Cop course in traffic not legal, says FET

THE traffic police course currently offered by the Springfield FET College in Durban is not accredited and the institution is also operating illegally on the city centre site, says the Higher Education Department.

THE traffic police course currently offered by the Springfield FET College in Durban is not accredited and the institution is also operating illegally on the city centre site, says the Higher Education Department.

"The college is only provisionally registered to offer the national certificate in information technology (end user computing) in Pretoria. They also have no permission to operate in Durban," FET colleges chief director Bheki Mahlobo said.

The Springfield FET College, which operates at Durban's Commercial City building, was registered to operate at 291 Schoeman Street in Pretoria, he said.

"Should the college offer further education and training qualifications at any site of delivery except the qualification and the site mentioned above it is doing so illegally," Mahlobo said.

Higher Education's director- general Mary Metcalfe said colleges were not allowed to offer any programme that was not listed in their certificate - and that they were not allowed to operate on any campus or site that was not accredited.

This was in terms of legislation that had been put into place to ensure that private providers meet minimum standards of quality.

"This legislation exists to protect the public from institutions that might not meet acceptable standards and prevent families from investing in worthless educational activities," she said.

The department investigated the status of the Springfield FET College three weeks ago after it was alerted to the fact that students suspected their three-year-course was not accredited. Students, most of them poor children from the rural areas, pay R1450 for registration and the course costs R10000 a year.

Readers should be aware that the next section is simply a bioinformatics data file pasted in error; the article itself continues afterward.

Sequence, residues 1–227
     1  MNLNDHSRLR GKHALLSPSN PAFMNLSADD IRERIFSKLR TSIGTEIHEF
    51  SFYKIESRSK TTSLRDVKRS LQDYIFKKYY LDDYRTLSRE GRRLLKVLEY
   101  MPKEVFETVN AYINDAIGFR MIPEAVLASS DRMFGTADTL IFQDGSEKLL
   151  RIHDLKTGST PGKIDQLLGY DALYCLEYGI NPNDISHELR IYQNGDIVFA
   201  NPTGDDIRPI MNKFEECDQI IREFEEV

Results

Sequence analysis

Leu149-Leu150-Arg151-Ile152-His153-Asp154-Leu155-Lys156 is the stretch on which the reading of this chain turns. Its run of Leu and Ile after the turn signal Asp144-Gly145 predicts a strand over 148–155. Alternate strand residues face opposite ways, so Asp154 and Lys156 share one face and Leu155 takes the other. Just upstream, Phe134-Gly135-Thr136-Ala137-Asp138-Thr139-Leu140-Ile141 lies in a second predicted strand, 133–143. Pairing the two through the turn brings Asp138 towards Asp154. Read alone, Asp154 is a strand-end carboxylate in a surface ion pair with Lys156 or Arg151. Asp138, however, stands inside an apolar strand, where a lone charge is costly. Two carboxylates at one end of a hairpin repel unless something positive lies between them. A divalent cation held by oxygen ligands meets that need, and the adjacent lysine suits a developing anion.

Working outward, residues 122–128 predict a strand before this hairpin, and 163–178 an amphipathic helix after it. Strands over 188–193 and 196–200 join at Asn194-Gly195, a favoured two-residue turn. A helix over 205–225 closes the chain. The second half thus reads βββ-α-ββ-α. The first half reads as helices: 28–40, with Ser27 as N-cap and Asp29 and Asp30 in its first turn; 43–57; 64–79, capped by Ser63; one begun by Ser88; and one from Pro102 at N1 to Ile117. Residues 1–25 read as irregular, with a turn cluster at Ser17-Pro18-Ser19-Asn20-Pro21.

College spokesperson Innocent Bukenya said it was untrue that his college was only allowed to offer the information technology course.

Students, who spoke on condition of anonymity, said they had been told that they would be employed by the Road Traffic Inspectorate and municipality traffic departments.

The students claimed that they were intimidated by managers of the college when they started raising questions about the course.

Road Traffic Inspectorate spokesperson Zinhle Mngomezulu said they did not hire traffic officers from private colleges.

"We train our own people. We have no arrangements with private colleges to supply us with traffic officers."

The eThekwini municipality also trained its own traffic offers.

"We are busy training them even now. This shows that we don't recruit from private colleges," Superintendent Joyce Khuzwayo said.

Bukenya said his college was still planning to cajole municipalities and RTI into employing their graduates.

"Though we do not have any arrangements at the moment, we strongly believe that our graduates have a greater chance of getting jobs because of the training we give them," he said.

Bukenya said he did not know how many graduates had been employed as traffic officers.

lFor information on the registration status of private FET colleges the public can contact the department on 012-312-5878 or visit the department's website at www.education.gov.za. - Sapa

X